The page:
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Thread: Saddle height

  1. #1
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    Default Saddle height

    On one of my vintage Martins, the saddle seems low, only 1.25 mm showing above the bridge (edit...got out the micrometer, and it's only 1.08 mm showing). Is this too low, and could tone/volume be improved with a higher saddle, perhaps 2.0 - 3 mm? Saddle appears original, as I can see see finish on the sides of the bridge, which also covers the portion of the saddle in the slot. Did Martin typically apply finish after the saddles were installed? Action is great on this one, about 2 mm at 12th fret.

    The reason I ask is that my 2 other vintage sopranos have saddle heights of 2.5 and 5 mm. Those, like this one, also have straight necks, no cupping, correct nut height and action 2.5 - 2.75 mm. Maybe it's a neck angle thing?

    Probably not going to mess with it, since it is all original, except for this saddle, which was probably shaved from the top, but wonder if a slightly higher saddle would make it sound even better or louder?

    Saddle1.jpg
    Bridge.JPG
    Last edited by Ukecaster; 02-20-2018 at 09:54 AM.

  2. #2
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    Default

    A saddle height at the 12th of 2mm is pretty low, or at least is on the low end of “normal”. A taller saddle might give you some more volume, and if you are a hard strummer, might give you some more ability to play strongly without buzz.

    However, if you are happy with the instrument and there is no buzzing...there is no issue.
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  3. #3
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    Default

    With guitars the rule of thumb is that we like to see a minimum of 1/8" of saddle above the bridge, as there does need to be a minimum break angle over the saddle to maintain tone and volume. But I've not seen a similar discussion about uke bridges. I would think with the greatly reduced string tension this would not be as much of a concern with ukes, but yes, a taller saddle can improve tone and volume in general. It certainly is a neck angle thing. On guitars it is sometimes necessary to shave down a bridge to allow lower action when the saddle can't be lowered anymore, but since your action is where you want it to be I wouldn't mess with it (especially on a vintage Martin!) just to possibly improve tone. Though it would be a simple experiment to remove the saddle and install a taller new one to see what you think of the change in tone. You'd need to use a razor blade to cut away the finish to get the older saddle out. I'm not a Martin expert, but I've never heard of finishing the top AFTER the saddle in installed.

  4. #4
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    Aug 2017
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    Default

    My saddle height could be like 2 mm on A string at 12th fret. It works fine for me, but I maybe notice something when I play solos with my thumb. I can't recognize buzz the same way as with a steel string. And it sounds nice all along the fretboard. Still I sometimes wonder if a slightly higher action would sound more clean. But it is not a biggie.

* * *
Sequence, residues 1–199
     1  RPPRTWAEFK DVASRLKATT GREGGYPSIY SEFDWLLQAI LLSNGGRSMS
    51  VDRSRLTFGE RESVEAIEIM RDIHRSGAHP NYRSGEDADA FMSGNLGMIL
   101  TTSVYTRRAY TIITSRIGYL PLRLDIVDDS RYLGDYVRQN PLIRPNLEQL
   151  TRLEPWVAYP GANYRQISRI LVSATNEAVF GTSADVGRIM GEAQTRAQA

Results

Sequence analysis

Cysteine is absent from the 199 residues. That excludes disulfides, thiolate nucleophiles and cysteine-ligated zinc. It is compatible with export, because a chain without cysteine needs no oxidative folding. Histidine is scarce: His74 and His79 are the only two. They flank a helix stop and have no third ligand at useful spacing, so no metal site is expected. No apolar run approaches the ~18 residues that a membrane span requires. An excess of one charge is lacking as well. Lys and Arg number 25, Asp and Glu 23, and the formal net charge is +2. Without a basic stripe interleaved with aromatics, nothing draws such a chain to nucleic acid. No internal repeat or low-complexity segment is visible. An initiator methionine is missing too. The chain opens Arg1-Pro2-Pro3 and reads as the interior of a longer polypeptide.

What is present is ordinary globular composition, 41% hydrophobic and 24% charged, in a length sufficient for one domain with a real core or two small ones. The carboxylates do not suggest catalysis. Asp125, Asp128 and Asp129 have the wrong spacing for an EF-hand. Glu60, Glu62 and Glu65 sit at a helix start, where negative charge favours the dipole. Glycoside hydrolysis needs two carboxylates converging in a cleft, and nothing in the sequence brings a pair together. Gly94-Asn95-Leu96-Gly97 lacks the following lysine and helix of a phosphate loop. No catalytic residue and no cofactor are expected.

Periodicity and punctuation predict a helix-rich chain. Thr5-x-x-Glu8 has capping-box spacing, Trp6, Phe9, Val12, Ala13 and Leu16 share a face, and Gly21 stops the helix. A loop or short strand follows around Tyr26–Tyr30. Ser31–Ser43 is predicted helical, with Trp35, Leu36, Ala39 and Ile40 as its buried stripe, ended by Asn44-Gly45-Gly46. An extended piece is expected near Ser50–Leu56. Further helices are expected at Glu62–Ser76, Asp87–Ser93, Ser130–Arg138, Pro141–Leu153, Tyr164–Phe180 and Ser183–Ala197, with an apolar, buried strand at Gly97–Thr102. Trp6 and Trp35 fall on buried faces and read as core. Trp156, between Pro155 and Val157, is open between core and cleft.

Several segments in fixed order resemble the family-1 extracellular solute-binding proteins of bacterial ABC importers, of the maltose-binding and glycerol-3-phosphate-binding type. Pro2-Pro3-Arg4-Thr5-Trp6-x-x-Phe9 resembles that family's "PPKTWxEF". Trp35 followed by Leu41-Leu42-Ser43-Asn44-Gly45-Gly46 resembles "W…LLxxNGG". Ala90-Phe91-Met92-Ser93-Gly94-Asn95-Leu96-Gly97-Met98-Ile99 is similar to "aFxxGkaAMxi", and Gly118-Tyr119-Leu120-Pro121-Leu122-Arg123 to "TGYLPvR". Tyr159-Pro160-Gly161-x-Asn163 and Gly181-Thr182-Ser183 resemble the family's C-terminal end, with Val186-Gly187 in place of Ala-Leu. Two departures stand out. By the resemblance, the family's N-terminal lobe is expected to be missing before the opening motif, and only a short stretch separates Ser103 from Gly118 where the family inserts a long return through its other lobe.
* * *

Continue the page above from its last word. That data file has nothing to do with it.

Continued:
We all maybe would need a winter and summer bridge saddles. They are quite easy to make as long as we keep the original as a reference
    Last edited by Jarmo_S; 03-10-2018 at 06:11 AM.

  5. #5
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    Default

    Some instruments have the necks fitted at such an angle that there is no choice but to have the saddle really low to achieve the preferred action. You see this a lot with inexpensive import instruments. IMO it is one of the most common shortcomings of otherwise excellent imports. It's also seen on older instruments where the neck joint suffered from "creep". Soundboard "bellying" can also cause the issue. It makes the break angle thing a real headache and can certainly screw up the volume and tone.

    I don't know how one would fix bellying but neck resets are possible where that's the solution. Not a quick or cheap fix though. Lots of heat/steam and patience required.
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  6. #6
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    Default

    Yes its a neck angle thing and in fact its expensive US/Hawaiian and hand-built instruments that are most likely to need very low saddles.

    Traditional ukulele construction involves NO neck angle. Guitar builders HATE this with a passion and will insist that your instrument needs a neck reset to give it some angle.

    The neck doesn't NEED angle. Its just the ukulele way for it to be set flat but the downside is that you will have very low saddles. Cheap instruments and those built by guitar makers are much more likely to be built with some neck angle.

  7. #7
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    Default

    A well respected luthier, who makes sopranos told me: "I try to aim for the saddle just above the bridge at about 1mm-1.5mm & string height at the 12th = 3mm max". That's where my uke is now, 1.08 mm saddle height above bridge and 2 mm string height at 12th. I just kept wondering if adding 1 - 1.5mm to saddle height would improve volume/tone, but it seems the uke is in a good place, so I guess I'll just leave it alone.

  8. #8
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    Default

    Putting a new slightly higher saddle on this uke is not going to improve the tone or volume. This is an older uke, volume and tone are a function of the aged and well played wood, not a minute height of the bridge saddle. I would leave it alone.

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